An engineer's stock-in-trade is his knowledge. When an engineer works as employee, he gains both specific knowledge of his employer's business and the general knowledge that comes with experience in a profession. When it is time to change jobs or form a new company, it can be very difficult to determine where the employee's general knowledge ends and the ex-employer's proprietary information begins.
The best way to avoid liability is to obtain a written release from the employer that stipulates what information can be used and which, if any, customers can be contacted. These agreements are much easier to negotiate at the commencement of employment. Once the employee is ready to leave, the threat to the employer is much more concrete. Employees who are laid off, or retired early, can often negotiate such agreements as part of their severance agreements. The employee's leverage will be greatest in situations where the employer is anxious for the employee to leave, but has no legitimate grounds for firing the employee.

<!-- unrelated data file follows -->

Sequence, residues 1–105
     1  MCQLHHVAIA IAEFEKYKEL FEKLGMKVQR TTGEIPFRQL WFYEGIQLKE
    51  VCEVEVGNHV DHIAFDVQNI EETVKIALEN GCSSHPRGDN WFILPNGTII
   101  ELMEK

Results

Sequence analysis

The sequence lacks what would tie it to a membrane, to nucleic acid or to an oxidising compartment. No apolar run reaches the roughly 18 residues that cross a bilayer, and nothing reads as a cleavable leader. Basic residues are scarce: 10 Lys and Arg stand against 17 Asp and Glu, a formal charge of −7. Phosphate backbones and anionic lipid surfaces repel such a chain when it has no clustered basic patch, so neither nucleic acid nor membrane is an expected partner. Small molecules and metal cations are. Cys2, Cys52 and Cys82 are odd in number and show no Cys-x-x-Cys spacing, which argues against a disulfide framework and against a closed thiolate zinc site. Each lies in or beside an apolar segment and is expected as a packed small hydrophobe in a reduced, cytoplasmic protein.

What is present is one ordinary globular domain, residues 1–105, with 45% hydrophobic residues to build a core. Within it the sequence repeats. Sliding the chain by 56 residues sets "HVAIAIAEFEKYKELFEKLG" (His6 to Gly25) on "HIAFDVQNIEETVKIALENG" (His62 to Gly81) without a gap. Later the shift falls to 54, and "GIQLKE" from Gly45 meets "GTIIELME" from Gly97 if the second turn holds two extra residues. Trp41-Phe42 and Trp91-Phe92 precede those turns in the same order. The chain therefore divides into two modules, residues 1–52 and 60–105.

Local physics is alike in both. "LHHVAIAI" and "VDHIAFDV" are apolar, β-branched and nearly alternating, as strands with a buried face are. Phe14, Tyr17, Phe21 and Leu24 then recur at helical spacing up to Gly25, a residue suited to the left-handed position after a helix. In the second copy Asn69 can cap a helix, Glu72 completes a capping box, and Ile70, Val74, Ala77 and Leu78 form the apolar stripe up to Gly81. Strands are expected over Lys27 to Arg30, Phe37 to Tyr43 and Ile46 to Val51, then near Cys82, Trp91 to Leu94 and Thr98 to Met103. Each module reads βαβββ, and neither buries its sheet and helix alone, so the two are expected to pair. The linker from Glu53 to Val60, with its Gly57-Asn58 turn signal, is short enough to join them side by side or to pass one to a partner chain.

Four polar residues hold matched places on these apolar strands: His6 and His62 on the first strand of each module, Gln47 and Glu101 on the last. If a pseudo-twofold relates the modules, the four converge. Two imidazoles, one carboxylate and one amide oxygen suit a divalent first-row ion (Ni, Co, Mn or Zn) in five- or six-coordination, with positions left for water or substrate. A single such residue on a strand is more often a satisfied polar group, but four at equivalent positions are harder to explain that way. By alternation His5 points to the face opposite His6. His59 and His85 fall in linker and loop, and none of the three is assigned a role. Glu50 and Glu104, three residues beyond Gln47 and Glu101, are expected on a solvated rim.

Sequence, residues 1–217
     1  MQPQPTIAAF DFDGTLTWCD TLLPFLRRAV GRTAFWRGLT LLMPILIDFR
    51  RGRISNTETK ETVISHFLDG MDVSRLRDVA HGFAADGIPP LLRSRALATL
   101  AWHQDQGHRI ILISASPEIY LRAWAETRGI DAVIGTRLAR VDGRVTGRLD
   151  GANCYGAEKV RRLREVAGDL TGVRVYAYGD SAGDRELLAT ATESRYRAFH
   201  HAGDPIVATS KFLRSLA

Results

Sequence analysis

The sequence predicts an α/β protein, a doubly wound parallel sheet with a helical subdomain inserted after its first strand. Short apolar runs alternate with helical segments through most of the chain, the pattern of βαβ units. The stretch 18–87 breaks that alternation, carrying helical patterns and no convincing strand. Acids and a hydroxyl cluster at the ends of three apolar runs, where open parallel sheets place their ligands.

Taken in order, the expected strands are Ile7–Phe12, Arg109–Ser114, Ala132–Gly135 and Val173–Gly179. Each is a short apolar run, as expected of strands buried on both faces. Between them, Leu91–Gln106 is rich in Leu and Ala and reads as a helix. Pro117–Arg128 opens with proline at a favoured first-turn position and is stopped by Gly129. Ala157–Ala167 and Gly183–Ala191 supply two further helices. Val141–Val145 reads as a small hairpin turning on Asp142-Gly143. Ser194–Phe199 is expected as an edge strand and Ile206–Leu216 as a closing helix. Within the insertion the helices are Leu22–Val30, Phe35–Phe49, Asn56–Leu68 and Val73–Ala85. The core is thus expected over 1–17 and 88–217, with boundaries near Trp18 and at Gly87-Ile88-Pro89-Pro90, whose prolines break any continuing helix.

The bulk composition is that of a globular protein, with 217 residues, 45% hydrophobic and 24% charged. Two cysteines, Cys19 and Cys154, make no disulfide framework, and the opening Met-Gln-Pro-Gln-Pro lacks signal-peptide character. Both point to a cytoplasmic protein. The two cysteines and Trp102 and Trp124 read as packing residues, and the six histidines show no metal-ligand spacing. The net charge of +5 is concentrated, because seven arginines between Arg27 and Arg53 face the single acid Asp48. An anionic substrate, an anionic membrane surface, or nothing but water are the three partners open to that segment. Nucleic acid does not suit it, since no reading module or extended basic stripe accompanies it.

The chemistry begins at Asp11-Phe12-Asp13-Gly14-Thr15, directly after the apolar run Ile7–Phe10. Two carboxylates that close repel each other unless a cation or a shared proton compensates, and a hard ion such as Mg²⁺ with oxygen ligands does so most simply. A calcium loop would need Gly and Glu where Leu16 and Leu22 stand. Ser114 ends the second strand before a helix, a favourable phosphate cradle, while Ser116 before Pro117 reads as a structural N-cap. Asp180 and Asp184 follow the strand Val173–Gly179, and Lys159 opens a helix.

Employees who are not able to get such a written release from their employers at the commencement of employment should be careful to document their professional development while with the employer. If the employee can show that he gained controversial information from professional journals or non-company educational programs, he may be able to convince the court that the information was not stolen from his employer.
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